“I find painting and teaching are complementary, although they are opposite in what they require of me. Each has sparked the other.” -Toni LaSelle
Most people familiar with the history of TWU may recognize the name of Dorothy Antoinette (Toni) LaSelle as the Director of the Little Chapel in the Woods Art Project. However, Professor LaSelle’s contributions to TWU are even more far-reaching than that one project. Not only was Professor LaSelle a pioneer in the TWU art department, but she was also a successful modern artist in her own right.
Toni LaSelle was born in 1901 to LeRoy and Mattie LaSelle. She refused to tell anyone the exact day of her birth. However, we do know that she was born in the small town of Beatrice, Nebraska as one of seven children. Beatrice was a town steeped in the fine arts, which surely influenced young Toni. She always had a penchant for drawing and by age eleven, she was taking watercolor lessons with her artist aunt.
Toni attended high school in her home town but left for Nebraska Wesleyan University to obtain her bachelors in English with a minor in Science. Although she reportedly loved her classes and her major, in her senior year of college, Toni was introduced to modernism through the work of the Post-Impressionists and the Cubists. After completing her bachelor’s, Toni went on to the University of Chicago, where she oscillated between continuing with English or pursuing art. Being in Chicago, Toni was surrounded by the arts. She would save up her dessert money to go to the local museums and look at the art work that inspired her. Toni completed her masters in Art in 1926.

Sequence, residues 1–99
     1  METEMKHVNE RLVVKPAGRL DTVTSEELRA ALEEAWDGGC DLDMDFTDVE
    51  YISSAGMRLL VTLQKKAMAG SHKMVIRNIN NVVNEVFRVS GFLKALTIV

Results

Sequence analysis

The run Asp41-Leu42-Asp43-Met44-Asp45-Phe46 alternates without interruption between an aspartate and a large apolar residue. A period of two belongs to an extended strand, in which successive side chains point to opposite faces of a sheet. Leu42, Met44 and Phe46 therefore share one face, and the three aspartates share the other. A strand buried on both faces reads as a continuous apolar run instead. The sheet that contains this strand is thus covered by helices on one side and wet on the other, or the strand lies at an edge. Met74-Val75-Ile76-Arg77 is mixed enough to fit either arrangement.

After her masters, Toni lived in Europe from July 1927 to January 1928, experiencing first-hand the art of Europe. Not long after returning to America, Toni was contacted by the University Placement Bureau to interview for a girl’s college in Texas. Soon, she began teaching at TWU, then the College of Industrial Arts. When a staff-member died in 1930 or 1931, Toni was asked to expand their Appreciation of Art course into the History of Art. In 1935, Toni requested that more than one course in the History of Art be taught. She also arranged for the Bauhaus artist and teacher László Moholy-Nagy to come for a lecture in 1931 and a workshop in 1942.
As an art historian and expert on various European modernist artists, Toni would give lectures at museums. She also had a large hand in organizing the 1947 exhibition on Hans Hoffmann at the Dallas Museum of Art.
Until her retirement in 1972, Toni taught classes in design, drawing, painting, and art history. She was an instrumental figure in shaping the art department and establishing the Art History program at TWU. Every summer until 1993, Toni traveled to the artist community of Provincetown, Massachusetts. She died in Denton in 2002 at the age of 100.
Dorothy Antoinette LaSelle: An Oral History. Conducted in 1994 and 1995 by Dawn Letson.